Introducing Twilio’s OpenAPI Specification GA

March 08, 2023
Written by


Today, we are thrilled to share the news that we have officially open-sourced the OpenAPI specification for every Twilio API.

As a commitment to supporting and streamlining the development process for our users, we have long provided helper libraries and tooling in various popular programming languages and environments. With this announcement, we are taking it one step further by offering Twilio API documentation in compliance with the widely adopted OpenAPI Specification. This empowers developers to effortlessly integrate Twilio into their projects, regardless of their preferred language or tools.

What can you do with OpenAPI?

Client Library Generation

Using the power of the Twilio OpenAPI specification and open-sourced OpenAPI generator, you can now generate new client libraries. This makes it much more convenient to use Twilio in your preferred programming language, without writing complex methods and functions. As an example, it is now possible to programmatically build a strongly-typed Rust library for Twilio’s API methods.

use dotenv;

use std::env;

use openapi::apis::{configuration::Configuration, default_api as twilio_api};


async fn main() {

dotenv::dotenv().expect("Failed to read .env file");

let account_sid = env::var("TWILIO_ACCOUNT_SID").expect("Failed to parse Account SID");

let api_key = env::var("TWILIO_API_KEY").expect("Failed to parse API Key");

let api_key_secret = env::var("TWILIO_API_KEY_SECRET").expect("Failed to parse API Key Secret");

let mut twilio_config = Configuration::default();

// Supply Basic Auth credentials.

twilio_config.basic_auth = Some((api_key, Some(api_key_secret)));

let balance = twilio_api::fetch_balance(&twilio_config, &account_sid)



println!("{:?}", balance);


To learn more about helper library generation see our OpenAPI Generator Project on GitHub or Twilio docs on helper library generation.

Mock Testing

Using the OpenAPI Specification, you can now mock Twilio’s API to emulate real API calls locally, which makes test suite integration with Twilio faster and less brittle.

For example, you can now easily make a mock server of Twilio’s API portable with Docker.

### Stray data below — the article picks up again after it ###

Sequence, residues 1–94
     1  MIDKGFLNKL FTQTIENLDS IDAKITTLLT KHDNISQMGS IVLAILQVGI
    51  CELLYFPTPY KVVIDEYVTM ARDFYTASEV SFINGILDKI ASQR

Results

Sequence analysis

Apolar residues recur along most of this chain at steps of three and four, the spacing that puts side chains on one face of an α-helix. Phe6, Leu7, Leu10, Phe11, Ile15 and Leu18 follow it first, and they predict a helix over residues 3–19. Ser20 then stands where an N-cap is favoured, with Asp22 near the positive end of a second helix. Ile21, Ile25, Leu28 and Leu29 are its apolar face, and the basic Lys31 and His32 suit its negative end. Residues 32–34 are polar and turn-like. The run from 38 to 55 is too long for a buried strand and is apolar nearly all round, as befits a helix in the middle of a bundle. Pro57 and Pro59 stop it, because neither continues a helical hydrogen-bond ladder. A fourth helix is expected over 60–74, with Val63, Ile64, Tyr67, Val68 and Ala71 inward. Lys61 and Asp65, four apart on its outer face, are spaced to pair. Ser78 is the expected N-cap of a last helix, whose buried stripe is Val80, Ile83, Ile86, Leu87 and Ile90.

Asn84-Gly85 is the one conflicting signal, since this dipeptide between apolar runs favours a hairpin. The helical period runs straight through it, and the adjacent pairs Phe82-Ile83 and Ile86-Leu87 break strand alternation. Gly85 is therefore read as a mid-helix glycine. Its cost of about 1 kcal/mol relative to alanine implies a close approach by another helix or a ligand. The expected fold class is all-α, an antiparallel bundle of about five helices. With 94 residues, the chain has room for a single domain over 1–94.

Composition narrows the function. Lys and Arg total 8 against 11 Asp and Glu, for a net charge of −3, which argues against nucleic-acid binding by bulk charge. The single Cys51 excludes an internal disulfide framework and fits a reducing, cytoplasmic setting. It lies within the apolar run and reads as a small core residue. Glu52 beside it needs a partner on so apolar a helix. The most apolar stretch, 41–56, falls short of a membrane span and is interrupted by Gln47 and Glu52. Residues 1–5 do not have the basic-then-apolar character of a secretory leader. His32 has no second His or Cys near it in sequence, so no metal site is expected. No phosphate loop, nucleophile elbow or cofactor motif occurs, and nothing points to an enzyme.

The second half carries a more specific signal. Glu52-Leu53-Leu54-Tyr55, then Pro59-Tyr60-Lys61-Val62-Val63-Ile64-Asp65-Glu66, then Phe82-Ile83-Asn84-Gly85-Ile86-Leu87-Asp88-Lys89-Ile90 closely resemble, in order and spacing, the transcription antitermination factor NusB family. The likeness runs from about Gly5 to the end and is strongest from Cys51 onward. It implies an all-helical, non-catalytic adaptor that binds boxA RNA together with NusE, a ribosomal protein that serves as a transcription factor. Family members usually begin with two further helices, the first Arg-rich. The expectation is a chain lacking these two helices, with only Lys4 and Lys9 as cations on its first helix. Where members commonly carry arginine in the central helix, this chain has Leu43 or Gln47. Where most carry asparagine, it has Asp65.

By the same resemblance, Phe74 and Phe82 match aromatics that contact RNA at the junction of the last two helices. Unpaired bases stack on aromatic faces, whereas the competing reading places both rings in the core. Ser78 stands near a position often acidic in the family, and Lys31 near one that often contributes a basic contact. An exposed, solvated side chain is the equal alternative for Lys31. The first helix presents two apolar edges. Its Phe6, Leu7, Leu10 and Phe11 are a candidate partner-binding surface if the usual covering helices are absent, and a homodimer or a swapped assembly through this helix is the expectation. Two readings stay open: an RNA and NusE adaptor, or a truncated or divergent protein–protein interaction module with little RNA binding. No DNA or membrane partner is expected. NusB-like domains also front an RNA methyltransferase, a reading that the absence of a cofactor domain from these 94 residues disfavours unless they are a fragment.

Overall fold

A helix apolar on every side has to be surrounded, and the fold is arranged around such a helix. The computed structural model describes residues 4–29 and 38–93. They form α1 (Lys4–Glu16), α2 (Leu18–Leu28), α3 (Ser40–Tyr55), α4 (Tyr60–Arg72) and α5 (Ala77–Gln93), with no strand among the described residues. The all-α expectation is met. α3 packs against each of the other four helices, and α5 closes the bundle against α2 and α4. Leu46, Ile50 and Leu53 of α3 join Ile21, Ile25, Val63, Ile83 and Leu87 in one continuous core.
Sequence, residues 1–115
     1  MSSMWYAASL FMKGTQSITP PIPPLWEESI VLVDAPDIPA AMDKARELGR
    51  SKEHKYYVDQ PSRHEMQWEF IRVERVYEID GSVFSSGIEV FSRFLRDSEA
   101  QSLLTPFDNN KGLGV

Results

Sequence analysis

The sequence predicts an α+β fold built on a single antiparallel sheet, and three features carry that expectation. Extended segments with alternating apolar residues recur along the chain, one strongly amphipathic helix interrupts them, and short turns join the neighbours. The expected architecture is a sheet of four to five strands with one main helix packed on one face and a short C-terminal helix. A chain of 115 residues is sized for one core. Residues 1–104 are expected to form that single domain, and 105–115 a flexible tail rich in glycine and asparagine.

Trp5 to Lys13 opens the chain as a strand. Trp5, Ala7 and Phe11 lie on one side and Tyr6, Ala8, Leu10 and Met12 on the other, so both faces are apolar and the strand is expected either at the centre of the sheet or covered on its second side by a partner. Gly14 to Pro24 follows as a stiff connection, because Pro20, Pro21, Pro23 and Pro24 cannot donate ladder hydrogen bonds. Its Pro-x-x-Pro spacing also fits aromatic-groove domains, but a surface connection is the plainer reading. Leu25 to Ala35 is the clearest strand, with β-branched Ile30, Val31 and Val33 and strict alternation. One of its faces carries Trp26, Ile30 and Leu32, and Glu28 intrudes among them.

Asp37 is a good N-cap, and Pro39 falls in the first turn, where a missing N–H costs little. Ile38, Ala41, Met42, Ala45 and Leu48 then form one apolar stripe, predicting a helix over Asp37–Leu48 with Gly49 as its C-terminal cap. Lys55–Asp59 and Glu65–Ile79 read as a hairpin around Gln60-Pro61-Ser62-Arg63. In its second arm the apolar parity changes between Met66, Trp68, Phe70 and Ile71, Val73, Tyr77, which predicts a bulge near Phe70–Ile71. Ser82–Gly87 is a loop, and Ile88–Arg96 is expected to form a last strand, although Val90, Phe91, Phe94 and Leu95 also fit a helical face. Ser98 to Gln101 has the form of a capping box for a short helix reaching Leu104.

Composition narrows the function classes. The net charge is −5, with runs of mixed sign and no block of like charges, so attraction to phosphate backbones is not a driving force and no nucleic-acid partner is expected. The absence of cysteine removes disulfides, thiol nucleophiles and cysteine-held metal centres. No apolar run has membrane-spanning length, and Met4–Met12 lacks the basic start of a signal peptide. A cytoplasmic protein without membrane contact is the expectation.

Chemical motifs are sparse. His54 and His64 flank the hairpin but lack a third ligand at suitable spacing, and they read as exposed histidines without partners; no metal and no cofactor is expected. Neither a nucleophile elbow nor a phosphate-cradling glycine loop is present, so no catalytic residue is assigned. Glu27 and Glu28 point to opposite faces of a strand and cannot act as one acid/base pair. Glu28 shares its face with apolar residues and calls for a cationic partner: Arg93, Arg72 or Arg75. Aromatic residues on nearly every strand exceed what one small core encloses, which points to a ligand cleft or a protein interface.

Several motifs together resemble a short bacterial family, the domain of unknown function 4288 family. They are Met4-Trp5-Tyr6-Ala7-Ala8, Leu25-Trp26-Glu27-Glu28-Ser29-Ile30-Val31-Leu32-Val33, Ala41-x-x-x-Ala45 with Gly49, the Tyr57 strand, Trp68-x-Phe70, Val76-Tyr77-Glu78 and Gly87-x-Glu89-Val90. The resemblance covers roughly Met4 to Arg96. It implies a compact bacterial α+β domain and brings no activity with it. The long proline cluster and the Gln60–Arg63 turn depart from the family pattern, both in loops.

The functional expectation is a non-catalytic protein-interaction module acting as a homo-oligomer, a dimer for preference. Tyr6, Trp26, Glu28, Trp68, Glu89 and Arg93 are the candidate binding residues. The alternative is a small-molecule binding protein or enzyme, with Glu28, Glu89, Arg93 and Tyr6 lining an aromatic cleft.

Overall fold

# Dockerfile
# Choose the base image for us to build from.
FROM alpine

# Install dependencies.
RUN apk update && \
 apk add --update git && \
 apk add --update npm && \
 npm i -g @stoplight/prism-cli

# Clone the Twilio OpenAPI spec.
RUN git clone

# Perform preprocessing on the v2010 spec JSON file.
RUN sed -i.bak '/pattern:/d' ./twilio-oai/spec/json/twilio_api_v2010.json && \
 sed -i.bak 's/</Before/' ./twilio-oai/spec/json/twilio_api_v2010.json && \
 sed -i.bak 's/>/After/' ./twilio-oai/spec/json/twilio_api_v2010.json

# Expose the port that Prism runs on.

# Run Prism!
CMD ["prism", "mock", "-h", "", "./twilio-oai/spec/json/twilio_api_v2010.json"]

To learn more about mock testing, see our docs.

Postman Support

We have also added support for Postman, which is a free, straightforward development tool for making API calls with a variety of helpful features. Instead of referencing the Twilio Docs and creating your own collection, you can visit the Twilio Postman Collection page where you will find collections maintained by the Twilio team. You can also browse the Twilio Postman APIs visually using Postman.

Head over to our docs to read more about using Twilio's Postman Collections.

Try it Out!

We can’t wait to see all the amazing things you’ll build with Twilio’s OpenAPI Specification! 🚀

If you have any questions or feedback, please do not hesitate to reach out at gjones[at] We look forward to hearing from you!